St John's wort, a herbal medicine taken for depression, is thought to interfere with the way felodipine works. Talk to your doctor if you're thinking about taking St John's wort.

Important

Tell your doctor or pharmacist if you're taking any other medicines, including herbal remedies, vitamins or supplements.

9. Common questions

How does felodipine work?

Felodipine is a type of medicine called a calcium channel blocker.

Like other calcium channel blockers, it relaxes and widens blood vessels. It does this by blocking calcium going into muscles in the heart and blood vessels. Muscles need calcium to contract, so when you block the calcium, it makes the muscle cells relax. This lowers your blood pressure and makes it easier for your heart to pump blood around your body.

In angina, felodipine works by improving the blood supply to your heart. Angina is chest pain that comes on when not enough blood gets to the muscles of the heart. It usually happens because the arteries to the heart have become hardened and narrowed.

Felodipine widens the arteries so more oxygen gets to the heart which prevents chest pain.

How long does felodipine take to work?

Felodipine starts to work on the day you start taking it, but it may take a couple of weeks for full effect.

If you're taking felodipine for high blood pressure, you may not have any symptoms. In this case, you may not feel any different when you take it. This doesn't mean that the medicine isn't working and it's important to keep taking it. Your doctor will check to see how well it is working.

If you're taking felodipine for angina, it will probably take a couple of weeks before you feel better. Until then, you'll still get chest pain. Make sure you have your medicine (spray or tablets) for treating angina attacks with you at all times, and use it if you need to. Keep taking felodipine every day and you should have fewer attacks within a couple of weeks. Talk to your doctor if your chest pain (angina) does not get any better after a couple of weeks. If it gets worse (happens more often or is more severe) tell your doctor immediately.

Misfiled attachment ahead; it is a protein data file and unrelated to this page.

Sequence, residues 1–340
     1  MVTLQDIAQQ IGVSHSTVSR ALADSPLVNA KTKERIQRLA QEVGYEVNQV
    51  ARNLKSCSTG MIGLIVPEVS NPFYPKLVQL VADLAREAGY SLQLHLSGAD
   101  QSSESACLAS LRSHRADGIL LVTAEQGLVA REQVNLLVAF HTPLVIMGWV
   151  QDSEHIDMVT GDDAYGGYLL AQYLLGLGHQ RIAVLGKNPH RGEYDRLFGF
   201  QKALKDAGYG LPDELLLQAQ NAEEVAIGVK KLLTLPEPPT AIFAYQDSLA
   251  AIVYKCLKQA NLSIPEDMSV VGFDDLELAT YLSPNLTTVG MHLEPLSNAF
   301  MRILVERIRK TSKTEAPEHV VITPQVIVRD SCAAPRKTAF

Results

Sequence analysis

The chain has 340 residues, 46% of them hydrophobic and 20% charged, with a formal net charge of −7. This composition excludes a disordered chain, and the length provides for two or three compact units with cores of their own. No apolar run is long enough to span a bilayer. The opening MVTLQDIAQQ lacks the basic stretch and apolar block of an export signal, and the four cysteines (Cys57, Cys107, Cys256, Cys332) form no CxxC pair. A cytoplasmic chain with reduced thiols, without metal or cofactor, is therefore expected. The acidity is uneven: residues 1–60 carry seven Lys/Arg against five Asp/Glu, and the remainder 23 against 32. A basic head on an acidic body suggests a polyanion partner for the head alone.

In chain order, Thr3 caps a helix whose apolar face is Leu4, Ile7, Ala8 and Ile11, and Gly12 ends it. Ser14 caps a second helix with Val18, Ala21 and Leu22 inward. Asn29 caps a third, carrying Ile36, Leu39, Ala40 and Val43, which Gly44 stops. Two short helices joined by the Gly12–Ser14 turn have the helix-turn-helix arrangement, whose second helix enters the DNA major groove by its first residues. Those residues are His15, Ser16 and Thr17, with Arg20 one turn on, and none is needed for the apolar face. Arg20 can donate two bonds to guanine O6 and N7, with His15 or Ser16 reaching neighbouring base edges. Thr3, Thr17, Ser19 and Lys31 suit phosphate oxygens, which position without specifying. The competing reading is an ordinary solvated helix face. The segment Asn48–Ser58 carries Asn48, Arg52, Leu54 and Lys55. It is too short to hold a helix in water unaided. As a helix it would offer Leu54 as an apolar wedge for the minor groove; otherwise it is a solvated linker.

How long will I take it for?

Usually, treatment with felodipine is long term, even for the rest of your life.

Is felodipine safe to take for a long time?

Felodipine is generally safe to take for a long time. In fact, it works best when you take it for a long time.

Can I come off felodipine now my blood pressure is lower?

Even if felodipine lowers your blood pressure successfully, it's best to carry on taking it. If you stop taking felodipine, your blood pressure could rise back up again.

If you are taking felodipine for angina, stopping it will increase your chances of having more angina attacks.

If you need blood pressure-lowering medicines, you'll probably need to take them for the rest of your life.

Remember, by keeping your blood pressure low, you're protecting yourself against having a heart attack or stroke in the future.

What will happen if I stop taking it?

Talk to your doctor if you want to stop taking felodipine.

Stopping felodipine may cause your blood pressure to rise - and this may increase your risk of heart attack and stroke.

If you are taking it for angina, stopping it will make it more likely you will have more angina attacks.

If you're bothered by side effects, your doctor may be able to prescribe you a different medicine.

Can I drink alcohol with it?

Yes, you can drink alcohol with felodipine. However, drinking alcohol can increase the blood pressure-lowering effect of felodipine, which can make you feel dizzy or light-headed. If this happens to you, it's best to stop drinking alcohol while you're taking it.

Are there similar medicines to felodipine?

For high blood pressure

There are several other calcium channel blockers which lower blood pressure in the same way as felodipine. They include amlodipine, nifedipine, lacidipine and lercanidipine.